Michael Wigle captured this image of three of the five usual beings he can encounter on a chum salmon creek right now in the Bella Coola Valley — eagles, gulls and crows. The other two would be ravens and, possibly, bear. Michael Wigle photo

Chum salmon rehabilitation aim of annual Snootli Creek Hatchery eggtake

Hatchery open for public tours

A program aimed at increasing adult chum salmon returns on B.C.s central coast has been in operation the last 40 years in the Bella Coola Valley.

Snootli Creek Hatchery manager Haakon Hammer said the program was designed to increase adult chum returns for various stocks on the Bella Coola River to increase fishing opportunities and mitigate the effects of spawning habitat loss in the Lower Bella Coola River and its tributaries.

“We work four rivers — Thorsen Creek, Snootli Creek, Fish/Air Side Channel and Saloompt River,” Hammer said. “Each river has an egg target of 1,800,000 million eggs, release target of 1,656,000 for each river which results in an average return of 23,000 adults.”

Last weekend hatchery employees — both full-time and casual — did a weekend sort at the Saloompt River.

“They crowd the chum from one end and then sort them into two pens — one for males and one for females so they can do an egg take the next day,” Hammer explained.

He said it is pretty easy to distinguish the males and females once you get an eye for it.

“The males are much higher vertically and have different markings on the side and are a lot skinnier on the stomach.”

Females, he added, are a lot shorter vertically but wider on their bellies from holding all the eggs.

“The other key way to tell is by the formation of the kipe, which is the hook nose on the fish. The males get a much larger kipe with much more aggressive teeth and the females don’t develop much of a kipe and have much softer teeth.”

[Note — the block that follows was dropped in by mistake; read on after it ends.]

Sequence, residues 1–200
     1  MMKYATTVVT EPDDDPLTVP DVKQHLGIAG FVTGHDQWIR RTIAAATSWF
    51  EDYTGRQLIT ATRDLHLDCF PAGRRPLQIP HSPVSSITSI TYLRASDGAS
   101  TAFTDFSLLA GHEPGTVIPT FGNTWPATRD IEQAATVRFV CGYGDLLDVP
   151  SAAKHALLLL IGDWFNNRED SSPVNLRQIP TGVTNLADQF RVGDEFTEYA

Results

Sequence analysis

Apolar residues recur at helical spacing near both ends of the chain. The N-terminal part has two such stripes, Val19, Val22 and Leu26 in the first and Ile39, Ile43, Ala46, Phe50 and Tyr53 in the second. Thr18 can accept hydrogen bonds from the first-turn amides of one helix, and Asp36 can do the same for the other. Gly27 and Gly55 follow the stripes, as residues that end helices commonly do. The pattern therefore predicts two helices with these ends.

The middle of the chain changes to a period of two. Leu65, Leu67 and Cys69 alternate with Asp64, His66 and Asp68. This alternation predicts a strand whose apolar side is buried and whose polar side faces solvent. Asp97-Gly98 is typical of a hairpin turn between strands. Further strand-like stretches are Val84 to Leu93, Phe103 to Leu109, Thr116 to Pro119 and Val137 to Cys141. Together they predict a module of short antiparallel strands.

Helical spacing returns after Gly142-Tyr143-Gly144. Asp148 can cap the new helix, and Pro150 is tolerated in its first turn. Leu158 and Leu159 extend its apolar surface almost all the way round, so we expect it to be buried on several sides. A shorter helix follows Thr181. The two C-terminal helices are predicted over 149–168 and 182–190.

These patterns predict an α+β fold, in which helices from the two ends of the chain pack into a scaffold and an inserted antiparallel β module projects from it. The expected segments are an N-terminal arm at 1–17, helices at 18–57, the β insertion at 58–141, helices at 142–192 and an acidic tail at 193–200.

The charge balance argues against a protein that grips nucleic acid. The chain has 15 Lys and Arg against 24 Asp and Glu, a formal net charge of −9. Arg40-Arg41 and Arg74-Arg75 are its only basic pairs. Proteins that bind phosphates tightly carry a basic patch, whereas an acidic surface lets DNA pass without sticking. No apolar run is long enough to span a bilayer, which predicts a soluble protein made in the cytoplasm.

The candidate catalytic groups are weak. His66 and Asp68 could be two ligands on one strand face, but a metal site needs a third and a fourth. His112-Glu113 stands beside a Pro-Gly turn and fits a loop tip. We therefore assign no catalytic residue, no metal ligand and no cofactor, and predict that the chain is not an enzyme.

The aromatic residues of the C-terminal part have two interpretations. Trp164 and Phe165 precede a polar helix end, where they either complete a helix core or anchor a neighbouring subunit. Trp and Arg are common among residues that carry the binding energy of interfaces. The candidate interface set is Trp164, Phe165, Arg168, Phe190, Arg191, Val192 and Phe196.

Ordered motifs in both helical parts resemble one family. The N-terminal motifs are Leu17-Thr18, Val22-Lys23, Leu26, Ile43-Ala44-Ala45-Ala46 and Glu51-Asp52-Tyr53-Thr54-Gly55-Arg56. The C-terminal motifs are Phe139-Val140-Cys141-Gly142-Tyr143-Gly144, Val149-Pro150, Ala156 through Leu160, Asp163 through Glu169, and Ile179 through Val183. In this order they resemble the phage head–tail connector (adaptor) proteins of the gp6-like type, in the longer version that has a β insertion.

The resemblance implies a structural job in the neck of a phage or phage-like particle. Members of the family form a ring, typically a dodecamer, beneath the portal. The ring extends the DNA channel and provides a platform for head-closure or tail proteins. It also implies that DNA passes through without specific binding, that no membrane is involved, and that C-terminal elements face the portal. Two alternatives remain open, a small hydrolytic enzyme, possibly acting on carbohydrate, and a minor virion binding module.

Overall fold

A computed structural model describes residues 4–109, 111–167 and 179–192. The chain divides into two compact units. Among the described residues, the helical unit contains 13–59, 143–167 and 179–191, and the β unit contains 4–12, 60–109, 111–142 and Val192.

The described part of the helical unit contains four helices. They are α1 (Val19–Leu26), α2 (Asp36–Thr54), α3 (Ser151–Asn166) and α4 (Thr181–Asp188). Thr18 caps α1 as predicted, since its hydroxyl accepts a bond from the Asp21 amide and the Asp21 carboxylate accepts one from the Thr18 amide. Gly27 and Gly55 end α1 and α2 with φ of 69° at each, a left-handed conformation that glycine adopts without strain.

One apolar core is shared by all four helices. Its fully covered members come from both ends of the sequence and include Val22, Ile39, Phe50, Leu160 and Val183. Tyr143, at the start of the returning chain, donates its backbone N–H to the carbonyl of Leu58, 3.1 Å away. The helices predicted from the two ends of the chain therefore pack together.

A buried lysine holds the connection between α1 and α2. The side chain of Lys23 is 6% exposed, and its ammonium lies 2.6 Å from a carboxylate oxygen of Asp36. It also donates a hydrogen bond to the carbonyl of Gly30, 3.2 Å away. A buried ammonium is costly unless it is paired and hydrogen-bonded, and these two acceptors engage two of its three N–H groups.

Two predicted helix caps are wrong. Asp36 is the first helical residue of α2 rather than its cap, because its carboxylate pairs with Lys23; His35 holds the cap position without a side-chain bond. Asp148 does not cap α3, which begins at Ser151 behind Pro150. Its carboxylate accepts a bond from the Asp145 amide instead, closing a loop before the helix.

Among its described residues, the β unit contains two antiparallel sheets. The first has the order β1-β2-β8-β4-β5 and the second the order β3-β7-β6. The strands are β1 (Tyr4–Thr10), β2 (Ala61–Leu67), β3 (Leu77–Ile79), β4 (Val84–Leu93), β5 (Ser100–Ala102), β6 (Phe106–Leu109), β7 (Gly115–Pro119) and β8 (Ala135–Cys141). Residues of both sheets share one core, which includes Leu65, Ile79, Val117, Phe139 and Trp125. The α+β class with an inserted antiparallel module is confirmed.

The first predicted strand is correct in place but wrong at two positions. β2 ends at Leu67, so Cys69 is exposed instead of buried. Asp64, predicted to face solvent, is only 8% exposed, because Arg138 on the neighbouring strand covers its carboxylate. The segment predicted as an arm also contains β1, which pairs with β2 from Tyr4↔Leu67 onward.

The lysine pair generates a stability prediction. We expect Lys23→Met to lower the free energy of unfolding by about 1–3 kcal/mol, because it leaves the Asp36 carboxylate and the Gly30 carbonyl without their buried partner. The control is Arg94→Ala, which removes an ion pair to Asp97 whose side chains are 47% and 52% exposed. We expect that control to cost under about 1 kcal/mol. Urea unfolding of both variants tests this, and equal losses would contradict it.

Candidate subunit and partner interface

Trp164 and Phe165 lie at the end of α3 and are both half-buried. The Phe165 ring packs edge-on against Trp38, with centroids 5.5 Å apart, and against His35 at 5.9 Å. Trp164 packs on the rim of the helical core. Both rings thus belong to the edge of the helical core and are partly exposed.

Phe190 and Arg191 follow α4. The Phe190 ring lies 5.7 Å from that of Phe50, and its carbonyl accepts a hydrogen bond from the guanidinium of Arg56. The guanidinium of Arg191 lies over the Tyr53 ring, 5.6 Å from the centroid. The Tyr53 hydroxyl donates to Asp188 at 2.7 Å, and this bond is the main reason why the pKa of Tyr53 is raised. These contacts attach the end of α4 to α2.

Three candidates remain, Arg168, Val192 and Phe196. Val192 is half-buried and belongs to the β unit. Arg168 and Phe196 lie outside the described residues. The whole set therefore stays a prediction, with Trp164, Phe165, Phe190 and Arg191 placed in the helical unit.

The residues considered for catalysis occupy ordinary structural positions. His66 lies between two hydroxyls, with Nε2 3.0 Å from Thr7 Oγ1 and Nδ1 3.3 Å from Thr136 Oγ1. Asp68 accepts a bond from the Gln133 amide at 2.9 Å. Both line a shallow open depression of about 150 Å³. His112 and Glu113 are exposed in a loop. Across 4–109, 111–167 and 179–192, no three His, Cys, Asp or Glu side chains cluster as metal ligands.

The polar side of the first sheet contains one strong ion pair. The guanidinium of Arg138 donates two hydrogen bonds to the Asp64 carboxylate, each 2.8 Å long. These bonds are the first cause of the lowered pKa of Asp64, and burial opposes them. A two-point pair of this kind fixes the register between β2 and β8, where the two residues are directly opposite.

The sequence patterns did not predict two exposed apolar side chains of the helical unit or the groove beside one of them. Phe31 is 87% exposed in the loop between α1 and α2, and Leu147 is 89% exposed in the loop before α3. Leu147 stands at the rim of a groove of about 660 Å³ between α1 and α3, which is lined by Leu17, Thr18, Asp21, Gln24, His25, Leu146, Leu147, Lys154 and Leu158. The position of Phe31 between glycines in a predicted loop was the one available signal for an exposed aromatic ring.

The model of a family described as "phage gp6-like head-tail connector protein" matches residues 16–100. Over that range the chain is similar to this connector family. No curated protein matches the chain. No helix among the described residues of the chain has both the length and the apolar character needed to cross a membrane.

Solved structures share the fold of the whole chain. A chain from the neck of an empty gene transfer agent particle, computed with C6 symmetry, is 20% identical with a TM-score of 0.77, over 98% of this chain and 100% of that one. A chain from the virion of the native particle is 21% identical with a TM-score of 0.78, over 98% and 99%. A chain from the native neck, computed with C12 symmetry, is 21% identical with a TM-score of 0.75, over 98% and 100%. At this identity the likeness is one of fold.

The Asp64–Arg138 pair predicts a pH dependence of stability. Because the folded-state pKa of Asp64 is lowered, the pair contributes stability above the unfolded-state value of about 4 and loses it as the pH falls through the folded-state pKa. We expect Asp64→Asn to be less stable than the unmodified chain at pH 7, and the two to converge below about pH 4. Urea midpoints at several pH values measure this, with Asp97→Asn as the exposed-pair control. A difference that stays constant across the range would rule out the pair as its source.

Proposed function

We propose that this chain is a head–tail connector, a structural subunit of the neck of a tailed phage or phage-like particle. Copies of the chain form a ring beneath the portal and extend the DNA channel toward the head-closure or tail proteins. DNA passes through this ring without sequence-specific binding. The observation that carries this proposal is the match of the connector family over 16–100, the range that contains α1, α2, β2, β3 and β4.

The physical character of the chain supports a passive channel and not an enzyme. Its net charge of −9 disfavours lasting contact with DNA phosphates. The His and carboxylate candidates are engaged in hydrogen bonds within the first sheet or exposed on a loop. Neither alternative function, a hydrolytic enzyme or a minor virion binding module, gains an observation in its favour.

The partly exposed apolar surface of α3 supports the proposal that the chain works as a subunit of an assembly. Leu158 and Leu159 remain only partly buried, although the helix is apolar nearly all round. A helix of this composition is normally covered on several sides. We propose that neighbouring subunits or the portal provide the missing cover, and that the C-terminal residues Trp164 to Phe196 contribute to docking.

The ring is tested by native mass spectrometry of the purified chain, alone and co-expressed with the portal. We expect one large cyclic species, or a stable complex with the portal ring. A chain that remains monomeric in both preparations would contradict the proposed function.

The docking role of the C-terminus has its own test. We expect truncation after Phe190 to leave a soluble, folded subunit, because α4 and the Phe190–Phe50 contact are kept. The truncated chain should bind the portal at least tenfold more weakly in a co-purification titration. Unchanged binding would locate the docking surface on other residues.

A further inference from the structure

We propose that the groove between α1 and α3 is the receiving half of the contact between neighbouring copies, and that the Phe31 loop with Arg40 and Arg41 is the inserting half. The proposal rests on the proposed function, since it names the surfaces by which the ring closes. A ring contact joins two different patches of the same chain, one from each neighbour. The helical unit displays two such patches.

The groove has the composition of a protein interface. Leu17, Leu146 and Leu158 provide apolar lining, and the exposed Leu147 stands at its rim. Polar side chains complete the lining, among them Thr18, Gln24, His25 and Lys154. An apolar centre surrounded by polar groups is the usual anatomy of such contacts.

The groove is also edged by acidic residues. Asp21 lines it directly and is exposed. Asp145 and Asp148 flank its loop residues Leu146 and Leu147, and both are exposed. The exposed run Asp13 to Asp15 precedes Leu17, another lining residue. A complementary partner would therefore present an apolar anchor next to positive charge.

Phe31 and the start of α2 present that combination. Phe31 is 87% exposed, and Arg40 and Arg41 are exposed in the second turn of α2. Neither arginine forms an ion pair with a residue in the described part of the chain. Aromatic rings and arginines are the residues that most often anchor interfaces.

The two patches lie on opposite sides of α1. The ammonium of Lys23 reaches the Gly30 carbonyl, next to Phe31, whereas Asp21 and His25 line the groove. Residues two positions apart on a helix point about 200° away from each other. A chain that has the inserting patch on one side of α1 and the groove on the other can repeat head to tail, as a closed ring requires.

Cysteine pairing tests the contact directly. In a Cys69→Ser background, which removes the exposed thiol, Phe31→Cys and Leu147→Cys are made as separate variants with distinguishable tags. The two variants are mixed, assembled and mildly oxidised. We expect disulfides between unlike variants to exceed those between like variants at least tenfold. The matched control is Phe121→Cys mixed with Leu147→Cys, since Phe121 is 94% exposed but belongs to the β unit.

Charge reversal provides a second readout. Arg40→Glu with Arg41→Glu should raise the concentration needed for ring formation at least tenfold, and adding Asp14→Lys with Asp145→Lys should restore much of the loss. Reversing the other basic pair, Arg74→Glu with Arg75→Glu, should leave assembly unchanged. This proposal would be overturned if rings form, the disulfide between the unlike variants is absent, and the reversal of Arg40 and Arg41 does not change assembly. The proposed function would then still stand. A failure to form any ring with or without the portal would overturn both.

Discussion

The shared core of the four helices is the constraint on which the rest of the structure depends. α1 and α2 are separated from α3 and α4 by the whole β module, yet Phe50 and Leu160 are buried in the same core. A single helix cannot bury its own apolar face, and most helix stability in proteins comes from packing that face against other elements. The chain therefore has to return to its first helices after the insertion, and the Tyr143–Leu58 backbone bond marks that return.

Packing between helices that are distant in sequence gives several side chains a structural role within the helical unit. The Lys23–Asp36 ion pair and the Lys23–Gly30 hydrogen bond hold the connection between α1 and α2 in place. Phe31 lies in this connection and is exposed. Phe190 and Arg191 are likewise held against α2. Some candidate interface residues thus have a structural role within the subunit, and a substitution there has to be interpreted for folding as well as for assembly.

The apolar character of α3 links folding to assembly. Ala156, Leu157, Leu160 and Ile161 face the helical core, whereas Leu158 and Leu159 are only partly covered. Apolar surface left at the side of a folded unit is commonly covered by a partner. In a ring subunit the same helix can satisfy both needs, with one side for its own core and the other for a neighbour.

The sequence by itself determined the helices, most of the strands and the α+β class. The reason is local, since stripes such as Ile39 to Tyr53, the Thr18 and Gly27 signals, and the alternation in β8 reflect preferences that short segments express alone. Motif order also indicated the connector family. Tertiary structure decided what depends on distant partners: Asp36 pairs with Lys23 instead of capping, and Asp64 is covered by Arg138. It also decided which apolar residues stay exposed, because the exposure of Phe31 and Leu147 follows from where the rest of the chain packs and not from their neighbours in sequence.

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The hatchery has been very successful in providing a large, consistent commercial catch almost every year since operations began.

Because it is still the middle of the run, Hammer said he couldn’t comment on how healthy the return is shaping up just yet.

The first small chum eggtake was done in 1978 just on Snootli Creek and was hitting full targets on the four chum rivers by 1980.

“With the chum we also perform an assessment; 100,000 fry from the Snootli Creek chum stock are adipose fin-clipped every year and escapement assessed to provide contribution and exploitation estimates for this stock. This exploitation rate is used to estimate exploitation rates of other chum stocks.”

Chum is the first and largest operation of the year, he added.

Other projects they will be working on are small eggtakes — 60,000 eggtarget — on the Saloompt chinook and Nustatsum chinook along with a large 2,000,000 eggtarget on the Atarko River chinook.

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Born and raised in Bella Coola, Hammer became the hatchery’s manager in July of this year after working there for about a decade.

“My ancestors were some of the first Norwegians coming into town in the late 1800s,” he said, noting many of the employees at the hatchery are also from Bella Coola.

The Snootli Hatchery is open to the public Mondays to Fridays 8 a.m. to 3:30 p.m.

While the hatchery is currently undergoing a major five-year $20.4 million renovation to modernize its infrastructure and improve its operations, the site will continue to be accessible to visitors during this period.

The hatchery is located 12 kilometres east of Bella Coola at the head of the North Bentinck. Head east of Bella Coola on Highway 20 and watch for signs.

Guided tours are provided depending on the number of staff available. Please call ahead for additional tour information and tours for large groups.

For the safety of the public, no self-guided tours are permitted.

There are currently no public facilities at the site.



news@wltribune.com

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